5 tips for avoiding those nasty hackers.
Even the savviest of technology users have fallen victim to accidentally getting malware on their computer. The typical sequence of events goes as follows: The user comes in with PC in hand, lugging all of their computer media with their heads down in shame and wonderment. “How did this happen?” “I don’t go on any bad websites!” They always want me to be well aware that they didn’t go on any “bad websites.” The obvious culprits are adult content, pharmaceuticals, and/or gambling sites. But malware can hide in otherwise benign websites, too. A hacker’s goal is to cover large ground with popular websites that have low security. They do this by targeting top visited sites, continually disguising their malware to look like legitimate downloads, and improving these methods by trial and error.
Here are 5 otherwise benign websites, where malware may be hiding:
Some of the most popular search terms have to do with celebrity news. Intel has put together a list of the top ten most dangerous celebs to search online. Are your employees searching these celebrities online at work?
Torrent movie/music downloads are different than iTunes or other paid downloads. Basically, torrents are free files containing movies, music and sometimes software that has been shared in a peer-to-peer network. These files are typically pirated and/or infringe upon intellectual property rights. This is an unmonitored forum, so some files may be disguised as the latest movie, when in fact they are malware downloads.
3. Fake Software Downloads/Updates
Have you ever gotten a pop-up from a reputable antivirus company that is NOT installed on your PC that says “You have x number of viruses. Click here to clean up.” Or perhaps you’ve seen a no name search engine toolbar that snuck in during another software install. These are malware downloads disguised as legitimate downloads. The best way to safeguard yourself from these fake software downloads is to just go to the direct website and grab the download yourself. Any website can display fake software downloads/updates.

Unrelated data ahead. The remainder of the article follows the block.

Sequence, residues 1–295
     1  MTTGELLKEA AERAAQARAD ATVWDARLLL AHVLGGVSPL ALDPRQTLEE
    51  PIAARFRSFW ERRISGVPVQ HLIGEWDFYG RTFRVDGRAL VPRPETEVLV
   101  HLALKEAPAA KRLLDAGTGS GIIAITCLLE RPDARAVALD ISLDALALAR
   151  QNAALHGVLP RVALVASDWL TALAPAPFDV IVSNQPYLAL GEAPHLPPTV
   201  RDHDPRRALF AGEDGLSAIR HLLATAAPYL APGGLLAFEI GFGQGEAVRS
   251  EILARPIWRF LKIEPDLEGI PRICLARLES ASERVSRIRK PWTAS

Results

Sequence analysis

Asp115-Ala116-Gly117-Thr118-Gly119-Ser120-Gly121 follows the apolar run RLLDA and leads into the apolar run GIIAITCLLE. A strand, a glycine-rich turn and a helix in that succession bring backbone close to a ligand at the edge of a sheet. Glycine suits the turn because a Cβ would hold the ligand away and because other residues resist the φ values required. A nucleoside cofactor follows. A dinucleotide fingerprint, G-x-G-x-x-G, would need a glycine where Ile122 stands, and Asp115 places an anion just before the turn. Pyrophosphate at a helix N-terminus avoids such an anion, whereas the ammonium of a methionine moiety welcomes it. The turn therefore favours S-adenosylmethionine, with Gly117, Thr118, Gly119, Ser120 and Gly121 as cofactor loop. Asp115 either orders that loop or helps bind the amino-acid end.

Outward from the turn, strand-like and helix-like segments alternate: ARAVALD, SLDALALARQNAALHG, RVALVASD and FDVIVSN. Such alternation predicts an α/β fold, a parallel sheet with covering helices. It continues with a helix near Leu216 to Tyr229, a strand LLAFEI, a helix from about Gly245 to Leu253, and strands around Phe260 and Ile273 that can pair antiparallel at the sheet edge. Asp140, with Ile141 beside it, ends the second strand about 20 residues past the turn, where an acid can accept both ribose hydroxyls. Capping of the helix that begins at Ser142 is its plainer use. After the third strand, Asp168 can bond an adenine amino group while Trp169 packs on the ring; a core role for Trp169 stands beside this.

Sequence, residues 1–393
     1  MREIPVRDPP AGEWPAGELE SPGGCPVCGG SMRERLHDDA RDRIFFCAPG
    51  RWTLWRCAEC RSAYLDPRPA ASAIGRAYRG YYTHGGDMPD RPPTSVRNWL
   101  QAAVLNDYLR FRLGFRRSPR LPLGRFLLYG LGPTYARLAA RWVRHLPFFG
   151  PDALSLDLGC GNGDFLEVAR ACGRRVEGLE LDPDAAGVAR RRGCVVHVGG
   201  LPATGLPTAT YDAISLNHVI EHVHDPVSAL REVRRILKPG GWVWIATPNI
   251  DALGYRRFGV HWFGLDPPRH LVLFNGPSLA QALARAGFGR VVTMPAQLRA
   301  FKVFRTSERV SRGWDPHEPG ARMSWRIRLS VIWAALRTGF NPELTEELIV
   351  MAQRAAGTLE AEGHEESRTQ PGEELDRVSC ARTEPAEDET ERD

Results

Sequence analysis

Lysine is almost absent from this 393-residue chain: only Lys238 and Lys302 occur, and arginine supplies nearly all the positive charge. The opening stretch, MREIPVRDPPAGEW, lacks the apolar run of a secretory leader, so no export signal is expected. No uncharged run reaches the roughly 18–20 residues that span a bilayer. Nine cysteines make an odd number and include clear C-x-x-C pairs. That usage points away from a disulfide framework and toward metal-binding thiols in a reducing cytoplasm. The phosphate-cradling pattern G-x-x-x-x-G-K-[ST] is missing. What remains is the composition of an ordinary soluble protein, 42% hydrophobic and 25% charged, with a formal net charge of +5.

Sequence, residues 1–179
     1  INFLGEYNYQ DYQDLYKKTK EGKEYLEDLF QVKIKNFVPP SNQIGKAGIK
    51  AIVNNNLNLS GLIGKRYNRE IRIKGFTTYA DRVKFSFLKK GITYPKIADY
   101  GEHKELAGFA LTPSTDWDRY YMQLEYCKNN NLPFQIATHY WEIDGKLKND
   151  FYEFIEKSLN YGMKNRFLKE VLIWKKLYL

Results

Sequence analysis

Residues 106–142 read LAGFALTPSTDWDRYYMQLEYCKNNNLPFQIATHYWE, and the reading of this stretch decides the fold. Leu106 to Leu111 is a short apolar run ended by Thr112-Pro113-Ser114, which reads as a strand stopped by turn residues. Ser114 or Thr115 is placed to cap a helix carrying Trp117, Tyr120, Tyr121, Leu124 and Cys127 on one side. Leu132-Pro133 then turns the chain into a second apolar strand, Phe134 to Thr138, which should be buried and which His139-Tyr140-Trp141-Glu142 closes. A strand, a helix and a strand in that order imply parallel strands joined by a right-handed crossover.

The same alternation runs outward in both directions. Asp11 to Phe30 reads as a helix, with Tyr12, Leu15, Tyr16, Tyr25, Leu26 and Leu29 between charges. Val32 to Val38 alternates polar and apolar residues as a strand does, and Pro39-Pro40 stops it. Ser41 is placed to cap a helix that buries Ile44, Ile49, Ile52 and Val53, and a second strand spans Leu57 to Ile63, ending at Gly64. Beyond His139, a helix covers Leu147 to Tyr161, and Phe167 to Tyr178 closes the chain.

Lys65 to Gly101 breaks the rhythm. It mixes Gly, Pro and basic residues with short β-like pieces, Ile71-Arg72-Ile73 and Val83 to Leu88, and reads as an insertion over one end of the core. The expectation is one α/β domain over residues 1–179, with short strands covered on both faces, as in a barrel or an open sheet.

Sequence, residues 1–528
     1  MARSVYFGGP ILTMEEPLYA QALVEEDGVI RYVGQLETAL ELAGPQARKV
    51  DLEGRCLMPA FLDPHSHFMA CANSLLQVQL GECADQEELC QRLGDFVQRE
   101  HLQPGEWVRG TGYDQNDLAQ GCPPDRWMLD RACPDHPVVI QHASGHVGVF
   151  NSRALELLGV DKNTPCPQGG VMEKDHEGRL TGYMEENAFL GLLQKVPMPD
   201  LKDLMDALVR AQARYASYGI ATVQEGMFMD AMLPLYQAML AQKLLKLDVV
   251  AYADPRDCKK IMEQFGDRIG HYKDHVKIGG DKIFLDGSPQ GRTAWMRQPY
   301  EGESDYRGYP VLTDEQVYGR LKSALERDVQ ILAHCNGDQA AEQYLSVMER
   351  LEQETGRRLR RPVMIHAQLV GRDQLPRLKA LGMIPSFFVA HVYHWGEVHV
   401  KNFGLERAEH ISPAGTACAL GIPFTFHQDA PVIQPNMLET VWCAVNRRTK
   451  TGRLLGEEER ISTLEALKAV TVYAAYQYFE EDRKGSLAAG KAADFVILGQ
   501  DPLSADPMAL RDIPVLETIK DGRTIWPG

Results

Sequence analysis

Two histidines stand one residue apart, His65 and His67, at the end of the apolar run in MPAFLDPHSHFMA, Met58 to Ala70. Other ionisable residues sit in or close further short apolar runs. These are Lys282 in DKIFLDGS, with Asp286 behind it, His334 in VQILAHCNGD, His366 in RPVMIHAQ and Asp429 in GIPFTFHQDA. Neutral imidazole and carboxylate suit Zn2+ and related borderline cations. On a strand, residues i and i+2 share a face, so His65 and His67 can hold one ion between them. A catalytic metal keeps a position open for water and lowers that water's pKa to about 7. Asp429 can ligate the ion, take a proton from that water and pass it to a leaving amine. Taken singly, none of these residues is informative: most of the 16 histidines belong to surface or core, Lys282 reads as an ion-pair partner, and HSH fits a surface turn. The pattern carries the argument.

4. Social Media
One out of five businesses are infected by Malware through Social Media. Malware can come in a multitude of ways through social media via ads, messages or hyperlinks in posts. Anything with a hyperlink can be malware or can lead you to download malware. Hackers love Twitter because it shortens URLs, so the new shortened URL does not reveal any information as to where the hyperlink will take you. Almost everyone is on some type of social media; even your grandparents are on Facebook these days. Social Media’s popularity is the reason why malware breeds and thrives on these sites.
Not all online storage solutions are created equal, but all are susceptible to getting malware attacks. If the endpoint, i.e. pc and/or laptop, gets malware, and an online storage solution is mapped to that endpoint, then your online storage can also be compromised. Other more malicious infiltration methods include hackers who crack passwords, access your data, and use your data against you either through sharing or ransomware, in which case they will literally hold your data hostage for a fee. Some solutions include setting complex passwords, changing those passwords often, installing a reliable backup system and replicating your data. Also, make sure to log out and don’t save passwords if you are accessing your data on a public computer.
Preventing yourself or your employees from accessing these sites can be close to impossible. Bryley Systems does offer Secure Network, a managed security service that can deter these malware attacks from occurring and will manage the entire process! For details, please call 978.562.6077 or email BusinessDevelopment@Bryley.com.